Pliers are handy adjustable tools that can be used in a variety of situations. Types include slip joint, locking, groove joint, needle nose, and diagonal cutters. Pliers are used to grab, turn, cut, or bend. Pliers consist of two levers that pivot at one point. This pivoting point is called a fulcrum.
Slip Joint Pliers. Slip joint pliers are one of the most basic and versatile hand tools. However, do not use slip joint pliers in situations where a wrench would be better (e.g., turning a nut or bolt). Trying to loosen a stubborn nut with slip joint pliers can round off the head. Also if the pliers slip your knuckles could get bruised or cut.
Groove Joint Pliers. Also called adjustable pliers or Channellocks® (an industry brand name), groove joint pliers adjust to a wide range of sizes. These are especially useful for gripping cylindrical objects, like pipes.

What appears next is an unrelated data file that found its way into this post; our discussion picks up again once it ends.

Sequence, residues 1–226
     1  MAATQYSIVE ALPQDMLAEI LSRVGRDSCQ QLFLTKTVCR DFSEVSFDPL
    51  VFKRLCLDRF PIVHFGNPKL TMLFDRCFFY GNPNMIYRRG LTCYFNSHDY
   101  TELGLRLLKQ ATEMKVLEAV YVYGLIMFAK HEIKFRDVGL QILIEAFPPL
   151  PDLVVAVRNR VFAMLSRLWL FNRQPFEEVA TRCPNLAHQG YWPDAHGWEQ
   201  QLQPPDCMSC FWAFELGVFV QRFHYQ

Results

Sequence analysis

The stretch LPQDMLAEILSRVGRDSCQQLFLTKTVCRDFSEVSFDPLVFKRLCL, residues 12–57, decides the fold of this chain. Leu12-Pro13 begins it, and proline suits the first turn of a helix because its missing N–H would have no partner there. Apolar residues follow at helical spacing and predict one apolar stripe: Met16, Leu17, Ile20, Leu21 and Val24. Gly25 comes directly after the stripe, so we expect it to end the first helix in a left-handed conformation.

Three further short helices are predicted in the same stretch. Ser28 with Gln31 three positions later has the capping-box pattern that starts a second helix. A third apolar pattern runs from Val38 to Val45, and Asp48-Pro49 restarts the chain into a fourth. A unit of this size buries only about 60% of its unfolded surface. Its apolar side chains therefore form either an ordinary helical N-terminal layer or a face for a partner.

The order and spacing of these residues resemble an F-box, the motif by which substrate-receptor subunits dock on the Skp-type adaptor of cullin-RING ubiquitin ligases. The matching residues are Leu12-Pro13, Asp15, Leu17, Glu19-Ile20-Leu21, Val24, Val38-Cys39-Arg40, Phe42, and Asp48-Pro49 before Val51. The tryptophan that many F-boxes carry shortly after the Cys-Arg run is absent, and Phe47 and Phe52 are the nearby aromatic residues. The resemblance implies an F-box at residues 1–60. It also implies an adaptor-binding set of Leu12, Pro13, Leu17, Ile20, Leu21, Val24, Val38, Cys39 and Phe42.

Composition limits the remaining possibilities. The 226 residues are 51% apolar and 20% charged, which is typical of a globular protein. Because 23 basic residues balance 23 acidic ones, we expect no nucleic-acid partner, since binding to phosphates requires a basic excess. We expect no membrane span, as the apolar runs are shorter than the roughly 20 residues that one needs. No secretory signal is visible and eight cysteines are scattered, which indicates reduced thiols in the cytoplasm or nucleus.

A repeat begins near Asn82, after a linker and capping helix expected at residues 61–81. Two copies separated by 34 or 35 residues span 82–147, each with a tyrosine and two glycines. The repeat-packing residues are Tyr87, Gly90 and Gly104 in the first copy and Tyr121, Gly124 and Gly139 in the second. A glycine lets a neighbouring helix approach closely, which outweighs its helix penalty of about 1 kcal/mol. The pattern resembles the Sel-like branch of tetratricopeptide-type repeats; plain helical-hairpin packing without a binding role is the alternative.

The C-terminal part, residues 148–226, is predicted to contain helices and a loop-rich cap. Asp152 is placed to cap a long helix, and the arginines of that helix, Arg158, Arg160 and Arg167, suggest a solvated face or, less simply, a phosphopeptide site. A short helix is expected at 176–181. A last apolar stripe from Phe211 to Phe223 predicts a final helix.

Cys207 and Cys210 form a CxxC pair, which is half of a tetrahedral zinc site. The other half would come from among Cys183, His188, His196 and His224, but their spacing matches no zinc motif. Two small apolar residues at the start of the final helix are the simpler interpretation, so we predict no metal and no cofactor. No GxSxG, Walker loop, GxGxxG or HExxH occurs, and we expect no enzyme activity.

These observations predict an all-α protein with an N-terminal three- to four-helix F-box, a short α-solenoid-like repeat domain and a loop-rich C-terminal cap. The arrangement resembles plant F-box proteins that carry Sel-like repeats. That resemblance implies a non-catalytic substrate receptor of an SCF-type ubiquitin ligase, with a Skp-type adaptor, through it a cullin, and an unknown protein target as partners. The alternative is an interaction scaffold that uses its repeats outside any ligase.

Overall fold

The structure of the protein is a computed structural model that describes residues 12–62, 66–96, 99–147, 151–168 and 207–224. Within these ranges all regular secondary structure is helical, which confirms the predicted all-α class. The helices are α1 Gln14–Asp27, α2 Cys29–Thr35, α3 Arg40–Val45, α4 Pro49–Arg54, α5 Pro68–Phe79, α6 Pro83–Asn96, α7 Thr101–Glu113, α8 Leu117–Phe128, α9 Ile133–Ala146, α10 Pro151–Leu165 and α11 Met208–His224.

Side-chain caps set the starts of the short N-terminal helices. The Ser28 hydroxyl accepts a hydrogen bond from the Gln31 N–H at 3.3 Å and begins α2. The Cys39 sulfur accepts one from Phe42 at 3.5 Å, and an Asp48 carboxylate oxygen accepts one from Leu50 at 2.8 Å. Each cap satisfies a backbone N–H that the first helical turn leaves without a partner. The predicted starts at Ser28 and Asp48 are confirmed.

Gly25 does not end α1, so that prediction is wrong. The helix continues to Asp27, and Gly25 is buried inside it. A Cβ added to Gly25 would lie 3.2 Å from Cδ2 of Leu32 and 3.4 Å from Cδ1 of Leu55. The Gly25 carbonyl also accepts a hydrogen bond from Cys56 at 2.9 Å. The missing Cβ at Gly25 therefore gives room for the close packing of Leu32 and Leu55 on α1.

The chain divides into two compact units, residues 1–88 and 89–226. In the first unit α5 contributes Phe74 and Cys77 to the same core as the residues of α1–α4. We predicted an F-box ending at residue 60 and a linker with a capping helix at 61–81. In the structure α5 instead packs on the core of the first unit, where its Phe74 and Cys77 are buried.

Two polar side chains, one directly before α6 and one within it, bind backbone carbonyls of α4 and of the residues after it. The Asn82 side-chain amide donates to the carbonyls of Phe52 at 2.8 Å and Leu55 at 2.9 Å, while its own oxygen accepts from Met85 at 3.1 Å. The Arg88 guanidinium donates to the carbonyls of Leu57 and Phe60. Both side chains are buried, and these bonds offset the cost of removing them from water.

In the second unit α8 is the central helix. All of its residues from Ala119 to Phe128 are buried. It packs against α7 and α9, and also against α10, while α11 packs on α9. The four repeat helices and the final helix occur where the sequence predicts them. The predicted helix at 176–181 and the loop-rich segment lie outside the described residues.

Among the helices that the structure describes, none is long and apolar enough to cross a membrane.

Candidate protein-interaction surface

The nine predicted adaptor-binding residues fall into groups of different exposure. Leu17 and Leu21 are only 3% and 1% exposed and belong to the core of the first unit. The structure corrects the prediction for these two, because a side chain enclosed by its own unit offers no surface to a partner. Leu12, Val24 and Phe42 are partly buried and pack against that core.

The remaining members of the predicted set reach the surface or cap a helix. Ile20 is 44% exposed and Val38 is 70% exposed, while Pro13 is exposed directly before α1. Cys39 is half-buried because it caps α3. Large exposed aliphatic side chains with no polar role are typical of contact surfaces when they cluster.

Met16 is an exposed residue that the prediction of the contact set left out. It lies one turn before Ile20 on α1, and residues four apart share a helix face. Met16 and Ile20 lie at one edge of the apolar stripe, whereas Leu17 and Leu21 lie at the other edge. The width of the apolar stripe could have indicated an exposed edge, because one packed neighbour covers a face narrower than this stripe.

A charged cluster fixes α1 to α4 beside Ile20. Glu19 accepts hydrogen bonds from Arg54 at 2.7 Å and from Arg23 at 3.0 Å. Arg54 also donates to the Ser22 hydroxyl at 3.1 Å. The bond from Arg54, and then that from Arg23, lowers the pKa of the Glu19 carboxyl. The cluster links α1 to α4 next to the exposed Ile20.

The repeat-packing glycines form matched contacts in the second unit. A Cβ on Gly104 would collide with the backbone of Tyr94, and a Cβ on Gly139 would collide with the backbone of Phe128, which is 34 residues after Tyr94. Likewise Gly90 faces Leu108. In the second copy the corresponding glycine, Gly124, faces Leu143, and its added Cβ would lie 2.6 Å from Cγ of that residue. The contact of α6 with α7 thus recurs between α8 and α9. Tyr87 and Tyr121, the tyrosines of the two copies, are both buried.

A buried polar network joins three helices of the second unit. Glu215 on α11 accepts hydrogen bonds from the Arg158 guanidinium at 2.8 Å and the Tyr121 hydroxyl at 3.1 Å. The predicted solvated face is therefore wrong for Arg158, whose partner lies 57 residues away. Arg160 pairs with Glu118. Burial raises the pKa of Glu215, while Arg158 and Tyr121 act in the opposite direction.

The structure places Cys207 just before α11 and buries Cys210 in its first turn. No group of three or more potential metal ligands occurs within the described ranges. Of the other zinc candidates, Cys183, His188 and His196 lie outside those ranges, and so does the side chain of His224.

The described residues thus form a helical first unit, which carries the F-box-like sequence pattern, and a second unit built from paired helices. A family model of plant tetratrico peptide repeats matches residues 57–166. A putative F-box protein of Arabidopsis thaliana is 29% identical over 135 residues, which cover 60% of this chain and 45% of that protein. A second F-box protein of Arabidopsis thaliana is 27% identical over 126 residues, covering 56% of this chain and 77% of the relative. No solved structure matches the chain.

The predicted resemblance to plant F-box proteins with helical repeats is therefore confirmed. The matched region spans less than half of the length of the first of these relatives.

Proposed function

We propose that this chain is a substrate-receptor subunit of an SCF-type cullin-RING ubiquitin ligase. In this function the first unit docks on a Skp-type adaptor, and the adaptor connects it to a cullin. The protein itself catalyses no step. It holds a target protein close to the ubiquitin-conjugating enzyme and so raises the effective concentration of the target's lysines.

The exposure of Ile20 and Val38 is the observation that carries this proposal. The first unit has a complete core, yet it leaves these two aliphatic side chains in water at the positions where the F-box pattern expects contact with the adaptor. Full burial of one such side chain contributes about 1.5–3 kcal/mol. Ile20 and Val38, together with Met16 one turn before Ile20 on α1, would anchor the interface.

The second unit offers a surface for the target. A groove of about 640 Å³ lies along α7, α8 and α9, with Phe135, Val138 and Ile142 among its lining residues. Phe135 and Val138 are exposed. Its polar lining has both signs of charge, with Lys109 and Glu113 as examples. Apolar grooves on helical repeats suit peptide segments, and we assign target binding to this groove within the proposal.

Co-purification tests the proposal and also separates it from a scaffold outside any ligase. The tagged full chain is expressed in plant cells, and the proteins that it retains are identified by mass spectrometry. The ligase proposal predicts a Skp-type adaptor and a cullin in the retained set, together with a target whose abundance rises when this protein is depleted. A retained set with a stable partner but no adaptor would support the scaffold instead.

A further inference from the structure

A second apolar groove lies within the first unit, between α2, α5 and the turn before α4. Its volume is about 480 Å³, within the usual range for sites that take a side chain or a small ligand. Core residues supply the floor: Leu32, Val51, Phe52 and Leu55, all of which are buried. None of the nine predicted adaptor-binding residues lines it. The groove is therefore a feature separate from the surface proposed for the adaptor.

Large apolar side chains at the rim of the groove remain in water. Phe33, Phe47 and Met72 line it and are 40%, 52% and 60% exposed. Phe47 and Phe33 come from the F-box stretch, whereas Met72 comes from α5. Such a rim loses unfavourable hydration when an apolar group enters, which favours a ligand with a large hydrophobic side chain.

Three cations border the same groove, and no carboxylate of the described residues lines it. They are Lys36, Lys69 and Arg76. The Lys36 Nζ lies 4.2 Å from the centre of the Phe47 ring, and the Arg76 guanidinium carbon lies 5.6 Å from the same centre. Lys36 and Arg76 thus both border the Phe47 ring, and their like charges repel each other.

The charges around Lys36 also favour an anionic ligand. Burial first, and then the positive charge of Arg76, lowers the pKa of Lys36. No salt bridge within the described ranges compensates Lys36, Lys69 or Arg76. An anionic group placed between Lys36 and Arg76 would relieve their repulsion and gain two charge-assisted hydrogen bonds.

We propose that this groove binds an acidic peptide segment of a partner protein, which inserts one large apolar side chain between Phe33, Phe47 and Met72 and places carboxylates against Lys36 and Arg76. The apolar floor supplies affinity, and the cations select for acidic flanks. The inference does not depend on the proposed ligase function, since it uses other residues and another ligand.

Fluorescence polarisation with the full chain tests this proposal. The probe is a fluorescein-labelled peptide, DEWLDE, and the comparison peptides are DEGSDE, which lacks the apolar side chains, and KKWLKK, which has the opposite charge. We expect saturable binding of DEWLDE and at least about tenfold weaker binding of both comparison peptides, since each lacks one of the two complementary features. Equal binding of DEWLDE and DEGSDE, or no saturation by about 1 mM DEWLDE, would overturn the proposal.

Needle Nose Pliers. Needle nose pliers have long pointed jaws. These can be used to grip or pull objects that are in hard-to-reach areas. Sometimes there is also a cutting mechanism next to the fulcrum.
Diagonal Pliers. Also called side cutters, diagonal pliers have sharp edges instead of gripping jaws like most pliers. They are commonly used for cutting wires.
Locking Pliers. Locking pliers are sometimes called Vise-Grips® (an industry brand name). Locking pliers are used to tightly grip and then lock on an object. These pliers come in handy when a bolt or nut is already rounded off beyond the point where a wrench will work. Grabbing onto flat or oddly shaped items are additional functions of locking pliers.